Mi’kmaq-Wolastoqey Centre

If you are interested in Wolastoqiyik history, a visit to Teachings and Tea hosted by the Mi’kmaq-Wolastoqey Centre at the University of New Brunswick is required. During the event, guests will learn the teachings and history of the Wolastoqiyik in a relaxed atmosphere by Wolastoqiyik teachers.


Kings Landing

Kings Landing

A well-known tourist attraction for its portrayal of English life along the Saint John River, Kings Landing has recently expanded its exhibit dedicated to telling the

Wolastoqiyik story. An exhibit is on display providing guests with the opportunity to experience everything from a sweat lodge to beautiful handcrafted baskets to an authentic birchbark canoe. The exhibit is created with the assistance of the Mi’kmaq-Wolastoqey Centre at the University of New Brunswick. Kings Landing closes for the season on October 14th.


Fredericton Region Museum

Curator Ramona Nicholas has helped create a very interesting permanent exhibition at the Fredericton Region Museum called the Wabanaki Way presenting the history and culture of the Wolastoqiyik. The exhibition includes traditional objects through pre and post-contact. It is also designed in dialogue with Indigenous elders.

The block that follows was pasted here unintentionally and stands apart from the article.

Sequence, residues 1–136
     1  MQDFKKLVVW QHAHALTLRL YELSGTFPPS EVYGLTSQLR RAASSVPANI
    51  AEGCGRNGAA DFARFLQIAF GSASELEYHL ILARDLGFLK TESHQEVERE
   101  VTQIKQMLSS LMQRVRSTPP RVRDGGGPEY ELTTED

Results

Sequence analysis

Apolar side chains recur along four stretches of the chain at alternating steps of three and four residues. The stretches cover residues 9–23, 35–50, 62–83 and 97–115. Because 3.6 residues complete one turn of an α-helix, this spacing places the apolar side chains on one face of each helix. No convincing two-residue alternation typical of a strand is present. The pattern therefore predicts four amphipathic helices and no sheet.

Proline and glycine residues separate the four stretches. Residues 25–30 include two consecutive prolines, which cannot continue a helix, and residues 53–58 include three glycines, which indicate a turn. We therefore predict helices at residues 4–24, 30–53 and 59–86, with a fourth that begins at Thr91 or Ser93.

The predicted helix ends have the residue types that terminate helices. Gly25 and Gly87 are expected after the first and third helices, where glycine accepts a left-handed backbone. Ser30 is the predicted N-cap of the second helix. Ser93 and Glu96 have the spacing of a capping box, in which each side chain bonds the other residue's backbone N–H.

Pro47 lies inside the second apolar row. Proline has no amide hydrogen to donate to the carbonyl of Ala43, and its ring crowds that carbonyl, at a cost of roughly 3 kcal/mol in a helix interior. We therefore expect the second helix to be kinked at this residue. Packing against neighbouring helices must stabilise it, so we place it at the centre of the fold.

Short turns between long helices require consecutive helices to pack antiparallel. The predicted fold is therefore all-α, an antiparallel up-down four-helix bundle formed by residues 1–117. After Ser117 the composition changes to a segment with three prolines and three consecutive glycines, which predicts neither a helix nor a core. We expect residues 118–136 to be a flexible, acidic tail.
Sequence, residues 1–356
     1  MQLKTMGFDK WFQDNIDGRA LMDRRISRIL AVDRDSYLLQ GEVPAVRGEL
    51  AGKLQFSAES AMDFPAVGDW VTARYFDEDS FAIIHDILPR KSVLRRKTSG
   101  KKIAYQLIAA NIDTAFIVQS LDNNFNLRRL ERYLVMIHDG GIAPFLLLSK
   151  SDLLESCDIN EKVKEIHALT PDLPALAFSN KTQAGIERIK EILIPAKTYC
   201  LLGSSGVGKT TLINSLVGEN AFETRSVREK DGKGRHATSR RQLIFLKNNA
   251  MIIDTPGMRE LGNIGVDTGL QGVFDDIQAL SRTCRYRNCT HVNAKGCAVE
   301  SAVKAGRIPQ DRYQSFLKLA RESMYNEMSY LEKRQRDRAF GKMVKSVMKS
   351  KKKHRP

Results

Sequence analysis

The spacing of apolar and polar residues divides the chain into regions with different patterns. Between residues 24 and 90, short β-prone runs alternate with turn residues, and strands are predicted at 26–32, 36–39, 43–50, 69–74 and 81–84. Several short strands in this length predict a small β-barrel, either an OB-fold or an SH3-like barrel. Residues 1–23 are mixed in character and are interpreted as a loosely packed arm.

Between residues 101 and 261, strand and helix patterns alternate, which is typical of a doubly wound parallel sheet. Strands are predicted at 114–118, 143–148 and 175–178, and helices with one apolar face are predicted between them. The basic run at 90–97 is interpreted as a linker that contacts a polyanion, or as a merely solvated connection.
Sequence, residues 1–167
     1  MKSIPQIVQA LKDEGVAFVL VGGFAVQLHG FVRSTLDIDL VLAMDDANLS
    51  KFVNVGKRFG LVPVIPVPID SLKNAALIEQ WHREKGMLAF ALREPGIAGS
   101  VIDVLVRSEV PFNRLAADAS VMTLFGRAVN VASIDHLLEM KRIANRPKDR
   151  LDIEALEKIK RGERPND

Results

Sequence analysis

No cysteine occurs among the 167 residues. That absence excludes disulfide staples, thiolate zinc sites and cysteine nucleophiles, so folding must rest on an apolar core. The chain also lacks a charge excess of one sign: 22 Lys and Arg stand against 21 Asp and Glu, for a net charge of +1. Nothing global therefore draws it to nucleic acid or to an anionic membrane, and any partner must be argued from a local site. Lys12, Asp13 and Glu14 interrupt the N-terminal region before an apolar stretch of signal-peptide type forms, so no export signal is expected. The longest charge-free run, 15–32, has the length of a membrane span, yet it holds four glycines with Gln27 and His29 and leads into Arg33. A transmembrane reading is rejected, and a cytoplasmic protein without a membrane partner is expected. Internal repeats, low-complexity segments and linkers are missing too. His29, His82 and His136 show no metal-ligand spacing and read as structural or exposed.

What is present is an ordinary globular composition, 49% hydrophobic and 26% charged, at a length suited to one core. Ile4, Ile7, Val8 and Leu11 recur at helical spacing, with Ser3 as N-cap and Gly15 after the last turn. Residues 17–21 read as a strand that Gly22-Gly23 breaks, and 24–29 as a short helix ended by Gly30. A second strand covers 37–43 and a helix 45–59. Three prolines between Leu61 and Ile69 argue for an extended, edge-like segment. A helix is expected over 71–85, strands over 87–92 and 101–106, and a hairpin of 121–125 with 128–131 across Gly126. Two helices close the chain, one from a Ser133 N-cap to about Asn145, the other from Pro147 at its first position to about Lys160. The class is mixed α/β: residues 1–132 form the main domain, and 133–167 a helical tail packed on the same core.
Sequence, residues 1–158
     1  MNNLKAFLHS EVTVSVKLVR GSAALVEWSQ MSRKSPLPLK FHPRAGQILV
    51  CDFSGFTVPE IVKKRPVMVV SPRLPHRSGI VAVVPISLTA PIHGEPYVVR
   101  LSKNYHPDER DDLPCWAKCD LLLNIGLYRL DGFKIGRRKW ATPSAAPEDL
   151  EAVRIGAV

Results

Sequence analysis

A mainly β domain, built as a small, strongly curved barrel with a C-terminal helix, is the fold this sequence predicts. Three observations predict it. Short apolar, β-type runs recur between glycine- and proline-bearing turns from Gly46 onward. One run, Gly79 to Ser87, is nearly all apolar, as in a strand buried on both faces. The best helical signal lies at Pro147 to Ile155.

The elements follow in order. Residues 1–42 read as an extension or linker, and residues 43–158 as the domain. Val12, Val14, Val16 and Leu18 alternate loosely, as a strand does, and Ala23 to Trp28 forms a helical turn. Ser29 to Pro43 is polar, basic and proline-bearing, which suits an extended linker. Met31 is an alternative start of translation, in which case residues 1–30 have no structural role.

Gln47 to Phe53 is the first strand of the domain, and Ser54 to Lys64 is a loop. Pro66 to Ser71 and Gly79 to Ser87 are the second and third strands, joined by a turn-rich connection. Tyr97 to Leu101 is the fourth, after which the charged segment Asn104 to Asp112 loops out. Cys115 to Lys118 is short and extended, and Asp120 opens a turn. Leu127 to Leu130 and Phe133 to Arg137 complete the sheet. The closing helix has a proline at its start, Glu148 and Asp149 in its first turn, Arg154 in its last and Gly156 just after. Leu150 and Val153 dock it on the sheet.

Fredericton is rich with opportunities to learn the Wolastoqiyik story and experience the one-of-kind talent and warmth of the Wolastoqiyik people through their storytelling, art, and cuisine. These Indigenous tourism offerings will provide you with memories to last a lifetime and many new friends. Expect a warm welcome and the trip of a lifetime.